This summer, Live Action News covered California legislation proposed by abortion advocates and backed by Planned Parenthood that would criminalize the recording and publishing of conversations with health care providers, an obvious attempt to shield the abortion industry from the sort of undercover investigative work that exposed Planned Parenthood’s harvesting and sale of aborted babies’ organs.
This week, the Sacramento Bee editorial board joined a long list of abortion-friendly groups—including the California Newspaper Publishers Association, California Broadcasters, Motion Picture Association, and the ACLU—who have opposed AB 1671 as an overly-broad infringement on free speech. But despite calling on California’s Democrat Governor Jerry Brown to veto the bill, the paper did everything it could to convey that pro-lifers are still the real bad guys.
First, the good (which is conveniently saved for the end of the editorial so as not to make pro-aborts look too bad):
Why, for example, should health care providers get special protections? The bill would apply whether they were taped talking about privileged health records or the weather. And what would constitute a provider? This bill seems to cover not just doctors and chiropractors but their lobbyists.
Would the Democrats who dominate state lawmaking have been as open to creating a new crime had this bill arisen from, say, a video sting of a gun-manufacturing operation?
Good question. Sadly, it’s undermined by the rest of the piece’s efforts to cast the Center for Medical Progress’s undercover investigation as illegitimate, pointless, malicious, and even dangerous. Consider the editorial’s ludicrous opening statement:
It’s a hazard of this social media and cellphone era that anything you say might end up being secretly recorded and used online against you. That’s what happened last year to Planned Parenthood, with not only political consequences but collateral violence and loss of life.
Yes, because who among us hasn’t broken a string of federal laws to make money off of children we’ve killed? Aren’t we all equally likely to admit to baby organ trafficking if our private conversations are recorded at random? Those are the implications of the SacBee editors’ “anything you say,” “what happened to” rhetoric, as if Planned Parenthood could possibly have fallen into this mess through no fault of their own.
It may be a cliché, but in this case it really is applicable: this sort of thing just doesn’t “happen to” people with nothing to hide.
The video smear by anti-abortion activists involved undercover videos purporting to show Planned Parenthood illegally trafficking in fetal tissue. Planned Parenthood was doing no such thing, of course, and was cleared of wrongdoing, but not before millions of people saw and heard the recordings.
Doing no such thing? It is undisputed that Deborah Nucatola said on tape that some Planned Parenthood affiliates wanted to “do a little better than break even,” Mary Gatter negotiated prices because “it has to be big enough that it is worthwhile,” and StemExpress flyers advertised the “financially profitable” nature of partnering with them on fetal organ procurement. The only comments in the videos PP’s apologists point to as exonerating them are nothing more than PP officials talking about not wanting to be perceived as breaking the law; they do nothing to explain away the plain meaning of their own words. (And no, the videos were not edited to make anyone appear to say something they didn’t.)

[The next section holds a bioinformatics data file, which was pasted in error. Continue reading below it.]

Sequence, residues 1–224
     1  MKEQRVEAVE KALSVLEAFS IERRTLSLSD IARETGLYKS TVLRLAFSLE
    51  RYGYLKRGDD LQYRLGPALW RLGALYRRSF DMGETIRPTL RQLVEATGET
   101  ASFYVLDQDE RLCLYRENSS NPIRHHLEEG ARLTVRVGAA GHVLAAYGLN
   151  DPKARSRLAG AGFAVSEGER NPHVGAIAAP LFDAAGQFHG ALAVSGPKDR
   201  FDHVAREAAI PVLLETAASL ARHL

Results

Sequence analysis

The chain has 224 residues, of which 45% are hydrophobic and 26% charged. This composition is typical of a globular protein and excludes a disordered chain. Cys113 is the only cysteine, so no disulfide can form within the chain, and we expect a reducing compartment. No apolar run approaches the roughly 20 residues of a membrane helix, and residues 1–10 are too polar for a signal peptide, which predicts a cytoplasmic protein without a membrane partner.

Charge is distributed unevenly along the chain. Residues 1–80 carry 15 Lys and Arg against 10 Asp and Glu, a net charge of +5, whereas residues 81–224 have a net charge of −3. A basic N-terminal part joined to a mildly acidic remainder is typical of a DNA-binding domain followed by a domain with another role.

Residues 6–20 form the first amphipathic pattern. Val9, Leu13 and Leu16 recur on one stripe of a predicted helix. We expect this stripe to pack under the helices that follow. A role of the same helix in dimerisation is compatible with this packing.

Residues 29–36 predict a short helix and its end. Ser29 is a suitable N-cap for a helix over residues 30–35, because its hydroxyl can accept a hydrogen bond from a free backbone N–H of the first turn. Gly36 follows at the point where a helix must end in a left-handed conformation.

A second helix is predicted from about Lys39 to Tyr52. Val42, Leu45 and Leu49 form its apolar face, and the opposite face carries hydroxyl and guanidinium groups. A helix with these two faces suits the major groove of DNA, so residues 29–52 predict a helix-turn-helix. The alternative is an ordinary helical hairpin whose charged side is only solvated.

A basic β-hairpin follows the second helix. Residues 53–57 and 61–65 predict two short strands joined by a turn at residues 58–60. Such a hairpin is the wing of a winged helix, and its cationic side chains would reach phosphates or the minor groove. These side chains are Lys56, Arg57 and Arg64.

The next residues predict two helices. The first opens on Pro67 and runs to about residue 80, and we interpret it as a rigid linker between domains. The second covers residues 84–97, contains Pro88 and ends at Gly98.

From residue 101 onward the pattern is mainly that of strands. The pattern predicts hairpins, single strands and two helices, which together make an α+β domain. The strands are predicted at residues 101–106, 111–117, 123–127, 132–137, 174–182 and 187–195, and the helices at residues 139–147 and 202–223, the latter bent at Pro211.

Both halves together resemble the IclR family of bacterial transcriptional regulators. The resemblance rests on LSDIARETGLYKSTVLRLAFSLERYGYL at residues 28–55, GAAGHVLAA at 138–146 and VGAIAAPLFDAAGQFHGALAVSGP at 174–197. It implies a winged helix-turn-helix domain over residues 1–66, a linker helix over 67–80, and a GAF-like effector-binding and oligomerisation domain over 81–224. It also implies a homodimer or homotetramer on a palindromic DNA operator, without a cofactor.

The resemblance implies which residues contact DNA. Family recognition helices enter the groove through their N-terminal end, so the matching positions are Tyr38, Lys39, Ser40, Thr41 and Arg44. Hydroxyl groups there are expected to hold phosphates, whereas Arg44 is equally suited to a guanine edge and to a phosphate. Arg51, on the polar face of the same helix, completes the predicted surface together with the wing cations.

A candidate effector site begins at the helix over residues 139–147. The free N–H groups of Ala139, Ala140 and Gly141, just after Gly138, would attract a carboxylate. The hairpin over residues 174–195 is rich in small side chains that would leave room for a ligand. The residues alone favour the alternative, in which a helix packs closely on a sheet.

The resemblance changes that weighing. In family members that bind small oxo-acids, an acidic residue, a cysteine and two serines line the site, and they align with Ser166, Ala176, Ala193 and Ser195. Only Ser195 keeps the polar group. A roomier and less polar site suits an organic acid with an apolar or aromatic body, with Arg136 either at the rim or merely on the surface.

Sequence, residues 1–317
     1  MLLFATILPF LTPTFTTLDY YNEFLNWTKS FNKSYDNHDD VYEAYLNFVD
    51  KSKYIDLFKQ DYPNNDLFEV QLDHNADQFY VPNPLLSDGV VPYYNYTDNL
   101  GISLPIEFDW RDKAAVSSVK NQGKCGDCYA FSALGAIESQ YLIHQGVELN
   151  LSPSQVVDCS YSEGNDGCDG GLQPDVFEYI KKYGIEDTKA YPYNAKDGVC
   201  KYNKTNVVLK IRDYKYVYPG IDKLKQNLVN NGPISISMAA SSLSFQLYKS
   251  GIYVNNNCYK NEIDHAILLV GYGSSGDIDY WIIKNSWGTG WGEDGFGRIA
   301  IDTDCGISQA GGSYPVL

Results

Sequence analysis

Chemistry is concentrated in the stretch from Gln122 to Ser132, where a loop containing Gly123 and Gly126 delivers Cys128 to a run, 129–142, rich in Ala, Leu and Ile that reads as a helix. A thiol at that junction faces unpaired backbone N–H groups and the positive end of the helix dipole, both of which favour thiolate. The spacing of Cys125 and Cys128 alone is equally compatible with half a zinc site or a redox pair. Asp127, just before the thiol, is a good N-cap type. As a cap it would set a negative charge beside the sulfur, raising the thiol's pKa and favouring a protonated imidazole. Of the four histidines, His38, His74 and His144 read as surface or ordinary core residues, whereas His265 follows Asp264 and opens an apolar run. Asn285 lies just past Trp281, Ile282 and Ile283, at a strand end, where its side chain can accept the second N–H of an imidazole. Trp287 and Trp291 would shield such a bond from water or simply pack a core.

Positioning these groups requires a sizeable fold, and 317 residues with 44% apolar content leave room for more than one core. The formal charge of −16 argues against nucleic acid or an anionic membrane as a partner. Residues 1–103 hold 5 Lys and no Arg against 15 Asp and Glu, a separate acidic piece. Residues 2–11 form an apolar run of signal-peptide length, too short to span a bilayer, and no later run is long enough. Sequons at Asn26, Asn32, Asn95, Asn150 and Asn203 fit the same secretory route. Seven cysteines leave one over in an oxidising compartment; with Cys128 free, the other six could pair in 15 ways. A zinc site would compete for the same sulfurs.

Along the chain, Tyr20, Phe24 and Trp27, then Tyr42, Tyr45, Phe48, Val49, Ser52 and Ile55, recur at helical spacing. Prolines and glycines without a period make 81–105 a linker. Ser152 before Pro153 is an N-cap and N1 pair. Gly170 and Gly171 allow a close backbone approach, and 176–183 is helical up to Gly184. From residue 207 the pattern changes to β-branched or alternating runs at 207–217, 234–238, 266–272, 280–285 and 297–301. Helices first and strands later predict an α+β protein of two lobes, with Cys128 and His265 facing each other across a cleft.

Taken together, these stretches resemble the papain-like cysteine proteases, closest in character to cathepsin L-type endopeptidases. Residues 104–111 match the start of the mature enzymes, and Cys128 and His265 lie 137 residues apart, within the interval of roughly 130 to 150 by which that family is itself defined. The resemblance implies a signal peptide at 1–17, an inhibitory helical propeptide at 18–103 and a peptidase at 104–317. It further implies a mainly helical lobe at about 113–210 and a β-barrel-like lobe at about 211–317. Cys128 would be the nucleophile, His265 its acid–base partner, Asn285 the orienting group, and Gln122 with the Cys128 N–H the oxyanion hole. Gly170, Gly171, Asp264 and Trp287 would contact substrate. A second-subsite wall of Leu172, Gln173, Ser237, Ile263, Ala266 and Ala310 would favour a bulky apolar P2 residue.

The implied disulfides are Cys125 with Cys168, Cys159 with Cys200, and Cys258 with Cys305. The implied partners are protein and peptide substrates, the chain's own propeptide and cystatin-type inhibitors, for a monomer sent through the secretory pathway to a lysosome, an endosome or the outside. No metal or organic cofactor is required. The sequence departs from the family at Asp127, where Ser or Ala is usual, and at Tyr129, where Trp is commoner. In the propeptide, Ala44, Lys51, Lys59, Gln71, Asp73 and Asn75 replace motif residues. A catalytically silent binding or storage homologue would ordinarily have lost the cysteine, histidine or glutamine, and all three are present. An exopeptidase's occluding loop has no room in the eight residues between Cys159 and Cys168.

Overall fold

Nor was Planned Parenthood “cleared.” Some state investigations have turned up empty-handed in states where PP was never accused of having an organ-transfer program in the first place. But most of the CMP footage was taken in California (you know, the Sacramento Bee’s home state)—and California never opened an investigation into the charges. So declaring PP cleared based on a review that doesn’t even include the case’s Ground Zero is like declaring a murder suspect innocent because you searched his whole house except for the locked room with boarded-up windows that the really bad smell is coming from.
Oh, and the federal Justice Department, the body with the most power to turn up wrongdoing, hasn’t bothered to investigate either, and the investigation by Congress’s Select Investigative Panel on Infant Lives is ongoing…
A court order eventually stopped their distribution on an activist’s website.
Because the guilty wanted to suppress evidence of their lawbreaking.
California outlaws the taping of private conversations without permission from all parties, but not their distribution. Planned Parenthood has been trying this year to change that, not only because the videos prompted numerous efforts to defund the abortion provider but because they sparked a wave of threats and clinic attacks that eventually killed three people and injured nine others.
Of course: accurately reporting Planned Parenthood’s activities makes one culpable for people reacting badly to true information (never mind how peaceful 99.99999999% of pro-lifers are or how rare actual anti-abortion violence is); by that logic nobody should ever raise awareness of any scandal or crime with any potential to stir intense emotions.
The Colorado Planned Parenthood shooter, Robert Lewis Dear, was a mentally-disturbed man with a history of apolitical violence, making it a stretch to argue covering Planned Parenthood’s crimes made him do it. But for a moment, let’s assume he was of sound mind; how would that put blood on CMP’s hands? There are numerous cases of people who have snapped and murdered killers, rapists, muggers, etc. By SacBee’s logic, merely informing people of heinous crimes would automatically make any media outlet or police department culpable for these vigilantes’ actions.
That’s the pro-abortion media for you: even when they can’t deny that abortion advocates are in the wrong, the real story is that it’s all pro-lifers’ fault.